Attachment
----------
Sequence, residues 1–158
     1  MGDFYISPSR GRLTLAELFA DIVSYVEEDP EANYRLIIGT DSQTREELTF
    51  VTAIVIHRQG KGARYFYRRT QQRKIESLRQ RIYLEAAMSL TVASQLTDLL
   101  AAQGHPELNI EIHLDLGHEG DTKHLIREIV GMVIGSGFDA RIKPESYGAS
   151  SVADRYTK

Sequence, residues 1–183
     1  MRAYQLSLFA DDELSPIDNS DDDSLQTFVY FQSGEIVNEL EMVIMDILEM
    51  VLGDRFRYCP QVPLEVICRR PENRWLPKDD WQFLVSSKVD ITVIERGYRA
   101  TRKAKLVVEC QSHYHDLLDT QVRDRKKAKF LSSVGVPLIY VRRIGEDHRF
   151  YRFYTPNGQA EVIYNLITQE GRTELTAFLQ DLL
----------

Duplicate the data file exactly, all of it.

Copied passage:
Sequence, residues 1–158
     1  MGDFYISPSR GRLTLAELFA DIVSYVEEDP EANYRLIIGT DSQTREELTF
    51  VTAIVIHRQG KGARYFYRRT QQRKIESLRQ RIYLEAAMSL TVASQLTDLL
   101  AAQGHPELNI EIHLDLGHEG DTKHLIREIV GMVIGSGFDA RIKPESYGAS
   151  SVADRYTK

Sequence, residues 1–183
     1  MRAYQLSLFA DDELSPIDNS DDDSLQTFVY FQSGEIVNEL EMVIMDILEM
    51  VLGDRFRYCP QVPLEVICRR PENRWLPKDD WQFLVSSKVD ITVIERGYRA
   101  TRKAKLVVEC QSHYHDLLDT QVRDRKKAKF LSSVGVPLIY VRRIGEDHRF
   151  YRFYTPNGQA EVIYNLITQE GRTELTAFLQ DLL